(16)
Or a double Henyey-Greenstein function:
$$P\left( g \right) = \left( {1 - c} \right)\frac{{1 - b^{2} }}{{\left( {1 + 2b\cos \left( g \right) + b^{2} } \right)^{{\frac{3}{2}}} }} + c\frac{{1 - b^{2} }}{{\left( {1 - 2b\cos \left( g \right) + b^{2} } \right)^{{\frac{3}{2}}} }}$$
(17)
where b (0 ≤ b ≤ 1) characterizes the anisotropy of the scattering lobe: b = 0 isotropic case, b = 1 single direction diffuser and c(0 ≤ c ≤ 1) backscattering fraction, characterizes the main direction of the diffusion, c < 0.5 representing forward scattering, and c > 0.5 representing backward scattering. In an intimate mixture of different minerals, bidirectional reflectance \(r\left( {\mu , \mu_{0} ,g} \right)\) would depend nonlinearly on the abundances of each mineral component. On the other hand, the single-scattering albedo of a mixture of grains ωmix, is a linear combination of the single-scattering albedos of its individual endmembers, \(\omega_{i}\):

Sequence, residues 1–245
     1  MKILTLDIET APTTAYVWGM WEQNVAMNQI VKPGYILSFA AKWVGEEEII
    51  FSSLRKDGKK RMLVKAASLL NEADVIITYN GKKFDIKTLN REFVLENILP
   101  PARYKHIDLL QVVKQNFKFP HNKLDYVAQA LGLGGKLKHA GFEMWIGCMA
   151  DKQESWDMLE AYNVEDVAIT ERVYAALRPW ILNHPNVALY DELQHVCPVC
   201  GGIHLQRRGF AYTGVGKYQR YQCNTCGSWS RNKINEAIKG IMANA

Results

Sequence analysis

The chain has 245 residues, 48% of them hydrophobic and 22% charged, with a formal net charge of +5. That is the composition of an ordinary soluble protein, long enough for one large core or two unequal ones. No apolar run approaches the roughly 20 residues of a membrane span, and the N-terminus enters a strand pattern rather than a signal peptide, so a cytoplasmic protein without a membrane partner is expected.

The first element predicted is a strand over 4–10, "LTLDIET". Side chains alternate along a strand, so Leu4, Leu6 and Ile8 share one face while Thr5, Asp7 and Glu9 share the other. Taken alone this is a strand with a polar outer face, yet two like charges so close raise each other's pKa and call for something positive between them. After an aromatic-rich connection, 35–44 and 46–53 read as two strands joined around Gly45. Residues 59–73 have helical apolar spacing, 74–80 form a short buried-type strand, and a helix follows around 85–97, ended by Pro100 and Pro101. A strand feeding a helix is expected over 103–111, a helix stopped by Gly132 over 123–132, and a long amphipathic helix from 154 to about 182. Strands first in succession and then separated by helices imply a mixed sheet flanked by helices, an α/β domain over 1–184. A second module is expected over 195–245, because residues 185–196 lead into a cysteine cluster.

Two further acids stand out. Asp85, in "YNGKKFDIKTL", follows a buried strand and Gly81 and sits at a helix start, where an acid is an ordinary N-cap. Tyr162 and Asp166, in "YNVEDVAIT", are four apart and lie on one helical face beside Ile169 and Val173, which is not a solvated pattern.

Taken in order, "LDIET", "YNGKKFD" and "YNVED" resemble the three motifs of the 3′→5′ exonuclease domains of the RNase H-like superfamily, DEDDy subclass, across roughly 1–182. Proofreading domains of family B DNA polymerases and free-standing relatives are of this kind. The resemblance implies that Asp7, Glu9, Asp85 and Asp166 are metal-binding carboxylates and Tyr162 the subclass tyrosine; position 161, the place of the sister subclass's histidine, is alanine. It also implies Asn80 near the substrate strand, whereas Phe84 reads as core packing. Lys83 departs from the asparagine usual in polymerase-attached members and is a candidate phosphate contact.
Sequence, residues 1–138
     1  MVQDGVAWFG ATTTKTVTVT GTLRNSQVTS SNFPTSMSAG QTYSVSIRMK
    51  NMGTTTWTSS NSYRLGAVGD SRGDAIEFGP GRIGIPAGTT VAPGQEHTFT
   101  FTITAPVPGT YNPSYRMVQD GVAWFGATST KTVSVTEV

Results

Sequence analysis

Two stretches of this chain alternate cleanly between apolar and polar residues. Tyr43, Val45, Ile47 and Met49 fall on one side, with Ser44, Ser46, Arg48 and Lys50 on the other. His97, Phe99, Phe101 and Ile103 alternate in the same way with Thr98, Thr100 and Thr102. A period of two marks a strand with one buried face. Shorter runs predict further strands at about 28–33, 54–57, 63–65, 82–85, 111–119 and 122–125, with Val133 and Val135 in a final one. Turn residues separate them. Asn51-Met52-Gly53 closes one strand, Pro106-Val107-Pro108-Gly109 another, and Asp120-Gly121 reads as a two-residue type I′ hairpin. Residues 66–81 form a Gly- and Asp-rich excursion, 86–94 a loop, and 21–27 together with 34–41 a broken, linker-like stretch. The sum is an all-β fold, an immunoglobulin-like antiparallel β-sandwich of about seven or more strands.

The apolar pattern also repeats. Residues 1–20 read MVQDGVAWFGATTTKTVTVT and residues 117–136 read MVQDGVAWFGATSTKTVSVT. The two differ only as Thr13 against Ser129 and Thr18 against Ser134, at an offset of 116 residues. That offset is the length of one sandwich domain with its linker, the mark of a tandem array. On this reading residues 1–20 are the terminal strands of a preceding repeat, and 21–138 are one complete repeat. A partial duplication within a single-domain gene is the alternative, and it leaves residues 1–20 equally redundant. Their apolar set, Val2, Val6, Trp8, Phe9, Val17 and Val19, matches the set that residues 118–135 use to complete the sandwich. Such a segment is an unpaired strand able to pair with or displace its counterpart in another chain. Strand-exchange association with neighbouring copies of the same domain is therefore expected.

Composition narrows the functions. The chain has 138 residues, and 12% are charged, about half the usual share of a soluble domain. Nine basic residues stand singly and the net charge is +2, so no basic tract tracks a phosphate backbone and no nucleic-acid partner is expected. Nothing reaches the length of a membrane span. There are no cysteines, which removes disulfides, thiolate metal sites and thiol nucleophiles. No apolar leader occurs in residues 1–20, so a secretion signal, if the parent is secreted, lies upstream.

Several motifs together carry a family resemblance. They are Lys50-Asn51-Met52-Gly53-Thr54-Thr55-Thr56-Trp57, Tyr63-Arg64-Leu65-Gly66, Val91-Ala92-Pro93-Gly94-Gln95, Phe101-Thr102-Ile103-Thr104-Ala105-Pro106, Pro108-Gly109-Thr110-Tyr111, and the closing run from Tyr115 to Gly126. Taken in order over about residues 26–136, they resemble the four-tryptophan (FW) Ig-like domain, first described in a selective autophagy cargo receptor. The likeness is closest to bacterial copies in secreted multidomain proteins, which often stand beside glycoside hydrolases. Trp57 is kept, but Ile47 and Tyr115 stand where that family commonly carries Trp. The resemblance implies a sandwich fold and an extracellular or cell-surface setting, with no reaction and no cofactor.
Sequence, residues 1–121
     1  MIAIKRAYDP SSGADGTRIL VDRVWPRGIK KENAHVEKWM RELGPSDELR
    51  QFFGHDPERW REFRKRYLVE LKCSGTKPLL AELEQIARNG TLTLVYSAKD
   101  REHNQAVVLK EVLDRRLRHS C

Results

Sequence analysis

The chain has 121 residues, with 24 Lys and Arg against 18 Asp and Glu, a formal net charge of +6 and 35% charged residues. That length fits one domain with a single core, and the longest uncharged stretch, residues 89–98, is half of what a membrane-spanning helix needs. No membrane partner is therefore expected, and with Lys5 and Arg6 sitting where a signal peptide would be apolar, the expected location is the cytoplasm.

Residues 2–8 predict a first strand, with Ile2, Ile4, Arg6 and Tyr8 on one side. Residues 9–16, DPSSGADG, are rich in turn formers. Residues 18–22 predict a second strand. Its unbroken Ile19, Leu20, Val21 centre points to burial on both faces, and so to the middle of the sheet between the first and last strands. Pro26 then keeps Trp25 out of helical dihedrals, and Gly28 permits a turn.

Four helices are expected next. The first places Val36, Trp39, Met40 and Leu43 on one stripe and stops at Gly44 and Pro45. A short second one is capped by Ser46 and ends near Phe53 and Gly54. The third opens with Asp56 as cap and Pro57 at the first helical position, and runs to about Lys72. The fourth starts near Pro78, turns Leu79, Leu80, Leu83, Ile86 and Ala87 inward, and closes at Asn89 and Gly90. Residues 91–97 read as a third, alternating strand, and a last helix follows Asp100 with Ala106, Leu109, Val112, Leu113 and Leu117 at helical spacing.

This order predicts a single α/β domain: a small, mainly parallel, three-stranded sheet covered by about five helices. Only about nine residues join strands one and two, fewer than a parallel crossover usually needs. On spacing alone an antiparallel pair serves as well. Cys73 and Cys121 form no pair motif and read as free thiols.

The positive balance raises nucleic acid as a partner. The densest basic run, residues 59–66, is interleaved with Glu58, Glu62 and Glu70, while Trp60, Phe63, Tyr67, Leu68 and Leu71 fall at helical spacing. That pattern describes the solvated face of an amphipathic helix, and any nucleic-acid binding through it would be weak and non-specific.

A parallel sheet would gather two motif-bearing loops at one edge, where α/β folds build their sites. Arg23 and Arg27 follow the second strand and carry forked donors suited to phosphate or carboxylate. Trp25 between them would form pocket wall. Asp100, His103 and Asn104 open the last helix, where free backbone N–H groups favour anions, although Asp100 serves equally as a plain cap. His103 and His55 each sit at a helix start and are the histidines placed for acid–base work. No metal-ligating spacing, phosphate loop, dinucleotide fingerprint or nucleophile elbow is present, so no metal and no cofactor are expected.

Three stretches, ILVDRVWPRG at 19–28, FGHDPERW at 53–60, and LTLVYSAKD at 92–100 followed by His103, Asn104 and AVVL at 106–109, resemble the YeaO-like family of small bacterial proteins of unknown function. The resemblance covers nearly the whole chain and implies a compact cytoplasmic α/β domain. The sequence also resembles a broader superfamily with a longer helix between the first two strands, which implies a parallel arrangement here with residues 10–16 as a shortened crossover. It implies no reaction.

$${\omega}_{mix} = \mathop \sum \limits_{i} f_{i} \omega_{i}$$
(18)
fi is fractional relative cross section of component i:
$$f_{i} = \frac{{\sigma_{i} }}{{\mathop \sum \nolimits_{i} \sigma_{i} }}$$
(19)
$$\sigma_{i} = \frac{{m_{i} }}{{\rho_{i} D_{i} }}$$
(20)
mi is mass abundance, ρi is density, Di is the grain size of component i in the mixture. Thus, the reflectance spectra can be inverted to determine the mass abundance and grain sizes of the endmembers in the mixture. These equations and associated python code are provided in the Additional files 1, 2 and 3.